Even in the age of austerity, trade flourishes.
Although the season began with Serie A worrying about its long-term ability to compete in the market for the most talented footballers, Italy's clubs can now afford to feel tentatively satisfied with the newcomers happy to call it their home.
Consider this: by the time of the next World Cup finals, it is plausible that Spain and Italy's national sides might both be spearheaded by Italy-based forwards. Maybe France, too, will be unleashing a gifted young Serie A striker by then.
For much of his time in charge of the Azzurri, Italy's manager Cesare Prandelli has felt his ideal striking partnership would be formed by Mario Balotelli, who joined AC Milan from England's Manchester City last week, and Giuseppe Rossi, who signed for Fiorentina from Spain's Villarreal last month.
Expect Prandelli to be a regular visitor to Tuscany from March when Rossi, still recovering from the cruciate ligament injury he sustained last April, is expected to make his Fiorentina debut. Rossi's injury kept out of Euro 2012, and he is eager to make up for that disappointment.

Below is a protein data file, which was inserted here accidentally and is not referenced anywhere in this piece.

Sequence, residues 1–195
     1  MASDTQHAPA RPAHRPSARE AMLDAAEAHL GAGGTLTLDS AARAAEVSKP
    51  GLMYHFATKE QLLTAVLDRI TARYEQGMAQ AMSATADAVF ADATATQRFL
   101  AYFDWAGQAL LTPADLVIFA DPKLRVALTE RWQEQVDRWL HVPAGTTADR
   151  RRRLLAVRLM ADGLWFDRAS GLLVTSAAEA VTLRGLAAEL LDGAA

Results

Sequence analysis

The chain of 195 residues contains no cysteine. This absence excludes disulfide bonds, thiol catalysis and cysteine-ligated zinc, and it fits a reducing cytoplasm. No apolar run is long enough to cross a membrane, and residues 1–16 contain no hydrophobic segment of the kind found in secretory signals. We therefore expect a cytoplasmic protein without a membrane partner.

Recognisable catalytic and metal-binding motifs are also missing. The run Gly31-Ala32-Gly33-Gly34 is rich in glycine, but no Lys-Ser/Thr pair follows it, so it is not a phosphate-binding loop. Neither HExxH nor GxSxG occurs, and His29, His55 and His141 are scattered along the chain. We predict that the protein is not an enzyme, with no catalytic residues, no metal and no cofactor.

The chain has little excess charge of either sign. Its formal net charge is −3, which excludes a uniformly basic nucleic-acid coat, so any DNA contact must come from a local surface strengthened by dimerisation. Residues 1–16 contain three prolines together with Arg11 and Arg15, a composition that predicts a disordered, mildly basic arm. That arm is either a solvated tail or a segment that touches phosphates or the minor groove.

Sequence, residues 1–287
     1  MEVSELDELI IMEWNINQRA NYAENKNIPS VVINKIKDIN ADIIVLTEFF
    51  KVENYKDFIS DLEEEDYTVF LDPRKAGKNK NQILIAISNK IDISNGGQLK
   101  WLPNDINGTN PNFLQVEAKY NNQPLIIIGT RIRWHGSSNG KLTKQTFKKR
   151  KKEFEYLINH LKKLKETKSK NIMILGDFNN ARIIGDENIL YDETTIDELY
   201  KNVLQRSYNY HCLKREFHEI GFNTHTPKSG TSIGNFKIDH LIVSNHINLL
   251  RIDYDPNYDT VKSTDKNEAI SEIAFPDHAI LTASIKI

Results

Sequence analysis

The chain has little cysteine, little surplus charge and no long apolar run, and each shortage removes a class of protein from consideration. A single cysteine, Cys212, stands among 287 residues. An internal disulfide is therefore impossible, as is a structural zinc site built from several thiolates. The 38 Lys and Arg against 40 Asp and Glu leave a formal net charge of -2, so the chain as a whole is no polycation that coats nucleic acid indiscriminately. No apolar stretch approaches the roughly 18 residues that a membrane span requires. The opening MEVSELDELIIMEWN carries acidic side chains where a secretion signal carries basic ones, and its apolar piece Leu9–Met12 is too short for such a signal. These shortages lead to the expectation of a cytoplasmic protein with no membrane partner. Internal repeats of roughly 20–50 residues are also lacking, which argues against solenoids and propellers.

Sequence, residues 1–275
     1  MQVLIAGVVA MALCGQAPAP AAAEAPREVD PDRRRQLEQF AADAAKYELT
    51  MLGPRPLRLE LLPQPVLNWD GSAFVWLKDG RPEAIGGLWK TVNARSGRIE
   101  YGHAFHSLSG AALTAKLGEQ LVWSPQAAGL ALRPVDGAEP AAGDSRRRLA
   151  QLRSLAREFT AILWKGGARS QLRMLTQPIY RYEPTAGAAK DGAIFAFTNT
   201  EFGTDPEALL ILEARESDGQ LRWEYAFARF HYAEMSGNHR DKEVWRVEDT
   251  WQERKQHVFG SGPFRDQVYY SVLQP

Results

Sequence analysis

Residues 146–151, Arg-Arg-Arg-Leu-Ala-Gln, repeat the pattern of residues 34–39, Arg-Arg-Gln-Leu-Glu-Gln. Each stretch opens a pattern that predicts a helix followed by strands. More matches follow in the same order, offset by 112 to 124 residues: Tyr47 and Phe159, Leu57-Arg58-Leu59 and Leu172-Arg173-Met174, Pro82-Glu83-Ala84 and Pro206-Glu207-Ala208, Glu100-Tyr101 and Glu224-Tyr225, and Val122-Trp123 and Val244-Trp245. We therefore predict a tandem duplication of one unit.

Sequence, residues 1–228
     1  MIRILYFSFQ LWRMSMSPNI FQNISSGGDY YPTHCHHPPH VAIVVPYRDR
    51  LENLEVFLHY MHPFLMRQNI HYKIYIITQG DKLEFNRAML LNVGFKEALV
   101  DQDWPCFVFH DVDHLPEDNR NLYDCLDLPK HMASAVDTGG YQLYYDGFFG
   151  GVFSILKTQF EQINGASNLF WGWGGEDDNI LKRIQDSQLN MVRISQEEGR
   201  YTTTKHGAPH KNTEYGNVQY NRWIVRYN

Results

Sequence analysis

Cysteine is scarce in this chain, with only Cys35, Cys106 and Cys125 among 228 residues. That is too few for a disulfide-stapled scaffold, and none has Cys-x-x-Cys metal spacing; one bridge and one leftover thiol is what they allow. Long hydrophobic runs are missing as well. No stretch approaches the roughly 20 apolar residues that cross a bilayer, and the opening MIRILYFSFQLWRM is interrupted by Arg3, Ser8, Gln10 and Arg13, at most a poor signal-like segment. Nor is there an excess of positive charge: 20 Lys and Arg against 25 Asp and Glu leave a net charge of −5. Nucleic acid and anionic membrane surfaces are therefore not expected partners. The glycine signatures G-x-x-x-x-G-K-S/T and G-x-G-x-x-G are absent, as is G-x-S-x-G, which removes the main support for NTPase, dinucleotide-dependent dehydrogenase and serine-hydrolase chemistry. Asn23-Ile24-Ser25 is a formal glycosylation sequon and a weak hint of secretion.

As for Balotelli, his homecoming could hardly have been more emphatic. After only one English Premier League goal in the last five months, he has two from the first 90 minutes of his Milan career.
He should win his 17th cap for his country on Wednesday night against Holland, well aware his impressive showings at last summer's European Championship have turned him into a senior figure in the national squad's set-up.
Milan, naturally, made a fanfare of Balotelli's capture for around €22 million (Dh109m), and were thrilled with his match-winning contribution in Sunday's 2-1 win over Udinese, where he featured in a young and lively forward line.
Mbaye Niang was its junior member. The Frenchman is still a teenager but if his excellent potential develops quickly, he could very well be in France's senior squad in 12 months' time.
Fernando Llorente, who has just signed a deal that will make him a Juventus striker as of June, is already well established in the Spain national team.
If Llorente brings his many assets to bear in Serie A, Juve will not look on in envy at Milan's capture of Balotelli or their foresight in scouting Niang.
Nor will the Italian top flight fret too much about being the place the likes of Zlatan Ibrahimovic and Wesley Sneijder chose to leave, because it will be the environment some notable young talent has elected to grow up in.
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